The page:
By Michael T. Brett

Assistant Professor

Department of Civil and Environmental Engineering

University of Washington

Seattle, WA

One of the most troublesome aspects of the November
7^{th} presidential election is the possibility that the results
of the popular vote in Florida and the Electoral College vote nationally
may have been tainted by a poorly designed ballot in Palm Beach county.
In this typically heavily Democratic, and Jewish retiree and African American
immigrant dominated county, Reform Party presidential candidate Pat Buchanan
received 3407 votes. Democrat operatives have argued this result is highly
unlikely because many Jewish and African American voters consider Buchananís
views to be anti-Israel and anti-minority, respectively. Republican operatives
have countered that it is conceivable that this county could have voted
heavily for Buchanan. The claims of Democratic and Republican party activists
can be easily tested using simple statistical analyses.

Using the total votes cast as well as the proportion
of Democratic leaning voters (Gore supporters) by county it is possible
to predict the expected number of Buchanan votes in each county of the
State of Florida using the presidential election results. [I obtained Florida
State county wide voting results from the CNN News web page]. I used a
two variable multivariate regression analysis, and obtained a final result
of Log(Buchanan Votes) = -0.9845 + Log(Total Votes)*0.7461 - (%Gore
Votes)*0.007013.
The predicted votes from this model have an uncertainty (in statistical
terms "error") of ± 0.1869 (± 1 residual error) in
Log_{10}
units. This statistical analysis had an r^{2} value of 0.87 meaning
the fitted "model" can explain 87% of the observed outcome in the actual
election results, and was statistically significant at the highest level
reported in any computer statistical package (P > 0.0001 or less than 1
chance in 10,000 that that these results could have occurred due to chance).
The Log transformed number of votes in each county explained 85% of the
total results, while the %Gore voters only explained 2% of the Buchanan
voting outcome; however both factors were statistically significant. Because
Palm Beach county had 431,836 voters of which 65.28% voted for Gore, this
model predicts Buchanan should have obtained 607 votes when in fact he
actually obtained 3,407, or a difference of 2,800 votes. The difference
between the expected votes and the actual votes was significant (student
t-test) at the 1 in 10,000 level. Furthermore, the results of these analyses
show the 99% confidence interval for the "expected" Buchanan vote in Palm
Beach County was 193 to 1908 votes, meaning at the 99% confidence level,
Buchanan received 1499 votes more than could be reasonably expected due
to random chance. This confidence interval was calculated as log(expected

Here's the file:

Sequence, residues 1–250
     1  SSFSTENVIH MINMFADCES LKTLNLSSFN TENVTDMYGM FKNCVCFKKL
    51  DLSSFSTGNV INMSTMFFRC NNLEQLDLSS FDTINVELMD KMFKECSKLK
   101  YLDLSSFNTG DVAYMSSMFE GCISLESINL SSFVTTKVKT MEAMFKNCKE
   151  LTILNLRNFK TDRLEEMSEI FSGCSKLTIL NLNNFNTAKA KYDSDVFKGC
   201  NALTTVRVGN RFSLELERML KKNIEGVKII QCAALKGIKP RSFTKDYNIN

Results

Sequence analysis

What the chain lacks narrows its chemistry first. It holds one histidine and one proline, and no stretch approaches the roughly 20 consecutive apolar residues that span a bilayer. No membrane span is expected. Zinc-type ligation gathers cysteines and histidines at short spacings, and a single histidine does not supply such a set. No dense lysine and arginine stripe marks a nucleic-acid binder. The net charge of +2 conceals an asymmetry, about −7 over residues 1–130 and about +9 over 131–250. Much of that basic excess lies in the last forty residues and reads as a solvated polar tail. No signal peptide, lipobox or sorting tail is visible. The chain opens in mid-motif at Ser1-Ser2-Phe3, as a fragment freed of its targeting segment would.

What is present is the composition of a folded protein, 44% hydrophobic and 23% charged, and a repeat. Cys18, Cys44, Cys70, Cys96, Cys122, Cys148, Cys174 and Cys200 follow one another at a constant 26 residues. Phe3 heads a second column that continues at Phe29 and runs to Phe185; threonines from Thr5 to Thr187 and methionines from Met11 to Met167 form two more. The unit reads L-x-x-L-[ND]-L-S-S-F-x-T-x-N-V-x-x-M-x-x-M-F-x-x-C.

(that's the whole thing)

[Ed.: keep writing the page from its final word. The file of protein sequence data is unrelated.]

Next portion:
Buchanan votes) ± 0.1869*2.66 = 2.783 ± 0.4971. The value
2.66 is the student t-value at the two-tailed 0.01 confidence level for
60 degrees of freedom. To obtain values in non-Log_{10} units,
the anti-Log of these values is taken accordingly: the lower 99% confidence
interval equals 10^{2.2862} = 193 votes, the upper confidence interval
equals 10^{3.2805} = 1908 votes.

Results of Statistical Analayses | |||||||

Count: | R: | R-squared: | Adj. R-squared: | RMS Residual: | |||

67 | 0.93 | 0.87 | 0.86 | 0.1869 | |||

Analysis of Variance Table | |||||||

Source | DF: | Sum Squares: | Mean Square: | F-test: | Probability: | ||

REGRESSION | 2 | 14.811 | 7.406 | 212.02 | 0.0001 | ||

RESIDUAL | 64 | 2.235 | 0.035 | ||||

TOTAL | 66 | 17.047 | |||||

Beta Coefficient Table | |||||||

Variable: | Coefficient: | Std. Err.: | Std. Coeff.: | t-Value: | Probability: | ||

INTERCEPT | -0.9845 | ||||||

Log total | 0.7461 | 0.0369 | 0.9620 | 20.23 | 0.0001 | ||

% Gore | -0.0070 | 0.0028 | -0.1207 | 2.54 | 0.0135 | ||

This statistical analysis contains no partisan slight-of-hand. Any person capable of passing a university sophomore level statistics course and who follows these classic steps would obtain exactly the same result. This analysis shows that while Palm Beach county is the second most strongly Democratic large county in Florida, it is not its Democratic electorate that makes the strong vote for Buchanan exceedingly unlikely. Since the results of the expected Buchanan votes statistical model are strongly dependent on the total number of voters in each county, in a probabilistic sense the fact that Buchanan only polled 0.3% statewide and never obtained as much as 1/3 as many votes in any other county points to the exceedingly unlikely result for Palm Beach County. This analysis also strongly suggests that an electoral mistake on the order of 1500 votes occurred in this county. As has been pointed out repeatedly in the media, this over-vote for Buchanan may be due to the confusing structure of the presidential ballot used in Palm Beach county. This margin is more than large enough to turn the popular vote in the State of Florida as well as the Electoral College vote for the entire election.

This analysis did not consider the 19,000 Palm Beach county ballots that were discarded because voters selected two candidates for president. It would be very simple and informative to conduct an analogous statistical analysis of the proportion of spoiled ballots selecting Buchanan and Gore in Palm Beach county, and compare that to the numbers of ballots selecting both Buchanan and Gore in other counties in Florida.